Scientist’s Timeless Legacy Is the Study of Time Itself


In physics, as in life, there is a big difference between waves and splashes.

The Edsel made a splash; Elvis Presley made waves. So did Albert Einstein.

So, as was more than evident at a recent 60th birthday celebration at Caltech, did one of Einstein’s most accomplished successors: physicist Kip Thorne.

Most famously, perhaps, Thorne made waves with his explorations into the physics of time travel. During a day of public talks in Thorne’s honor, Caltech President David Baltimore called him “Caltech’s No. 1 strange scientist.”

As Thorne’s good friend and colleague Stephen Hawking said during the celebration, understanding time is one of the great challenges physicists currently face. In the spirit of the occasion, Hawking invited Thorne to jump down a black hole--the better to see whether time really comes to an end there, as some physicists speculate.


(While Hawking is better known to the general public, Thorne is at least equally revered among physicists.)

Of course, as Hawking acknowledges, Thorne would be stretched into spaghetti by the huge gravitational forces inside the hole, and would “not be able to tell us.”

Simply studying time travel takes courage because it puts you at risk of ridicule from your colleagues. You can’t get funding for time travel outright, as Hawking likes to tell his audiences, so physicists couch it in obscure technical terms, like “closed timelike curves.”

And yet, understanding what happens to time in severely warped scenarios where it might break down or reverse sheds light on fundamental unsolved problems.

Studying time travel is also tricky because it requires abandoning the familiar intuitions that guide us into the future, based on our knowledge of the past. It means riding into the unknown without training wheels.

In recognition of these efforts, Baltimore called his colleague Thorne “the prince of counterintuitive science.”


Thorne’s research also made waves in ways that are only beginning to be felt. Late last year--thanks largely to the efforts of Thorne--a gravity wave “telescope” named LIGO was dedicated at Livingston, La., by National Science Foundation Director Rita Colwell and other luminaries.

LIGO stands for Laser Interometer Gravitational-Wave Observatory. It is essentially two pairs of L-shaped, four-kilometer-long laser beams strung on opposite sides of the country--the other is in Washington state--to snare gravity waves from space.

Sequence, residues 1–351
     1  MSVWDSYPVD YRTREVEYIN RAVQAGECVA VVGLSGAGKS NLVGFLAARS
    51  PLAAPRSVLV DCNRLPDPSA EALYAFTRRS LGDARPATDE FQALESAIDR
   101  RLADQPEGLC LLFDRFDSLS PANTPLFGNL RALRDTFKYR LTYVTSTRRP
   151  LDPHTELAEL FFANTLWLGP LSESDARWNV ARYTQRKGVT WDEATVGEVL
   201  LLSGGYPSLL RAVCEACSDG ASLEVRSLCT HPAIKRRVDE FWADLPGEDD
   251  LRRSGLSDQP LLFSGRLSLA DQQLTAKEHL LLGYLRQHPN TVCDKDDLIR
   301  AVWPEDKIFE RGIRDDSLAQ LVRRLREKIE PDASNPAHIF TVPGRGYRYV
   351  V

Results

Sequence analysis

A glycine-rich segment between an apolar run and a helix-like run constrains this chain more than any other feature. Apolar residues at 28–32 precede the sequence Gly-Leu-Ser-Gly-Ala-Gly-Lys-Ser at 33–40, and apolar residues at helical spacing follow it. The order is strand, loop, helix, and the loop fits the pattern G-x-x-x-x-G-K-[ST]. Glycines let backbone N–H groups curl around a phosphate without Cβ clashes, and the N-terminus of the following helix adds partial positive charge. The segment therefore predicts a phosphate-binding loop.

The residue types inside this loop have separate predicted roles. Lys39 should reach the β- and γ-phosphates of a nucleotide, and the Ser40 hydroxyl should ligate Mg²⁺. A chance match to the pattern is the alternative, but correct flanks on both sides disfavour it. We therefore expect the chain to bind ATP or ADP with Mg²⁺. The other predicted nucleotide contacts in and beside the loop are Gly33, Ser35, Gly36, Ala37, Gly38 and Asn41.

Why would anyone want to catch a gravity wave? Every time a star shudders, it sends out ripples in the fabric of space-time that later lap upon the shores of Earth. When hugely massive objects like collapsed stars or black holes collide, they crash together like cymbals in the night, making waves. When the universe was born, the Big Bang left its imprint in gravity waves that are still traveling through space today--a vast spectrum of them ranging from mere meters to the size of the cosmos.

Encoded in the sounds is a whole new way of looking at the universe. Perhaps other exotic phenomena not even imagined are calling to us right now. Indeed, when the first gravity wave telescopes tune in to this unheard symphony--probably sometime later this decade--there’s a fair chance that the things we discover might be as startling as those that greeted the first humans to peer at the sky through a telescope.

LIGO, said Hawking, will be Thorne’s most lasting legacy.

He wasn’t counting, of course, the 150-odd “progeny” of Thorne who gathered to honor, praise and roast him royally at Caltech, with songs, dancing and embarrassing memories. Generations upon generations of students and students of students and students of students of students.

Which brings us back to waves and splashes. A splash is a one-shot event. It comes and goes like a shooting star. Its energy is entirely self-contained.


A wave, on the other hand, spreads its influence far and wide--carrying energy and information far from the source, like a rumor passing through a crowd. A wave keeps right on going, ringing out long after whatever started it has gone quiet. It shares its influence with its surroundings.

So it’s been, it seems, with Thorne. Speaker after speaker told of his enormous generosity of spirit; his willingness to spend time with students, sit at a sick colleague’s bedside (murmuring encouragement in Russian), deflect credit from himself to others; to take a year from his life to find just the right president for Caltech, to take 10 years to write a popular book.

Thorne will no doubt continue making waves that will last long beyond his already impressive (if sometimes outrageous) legacy.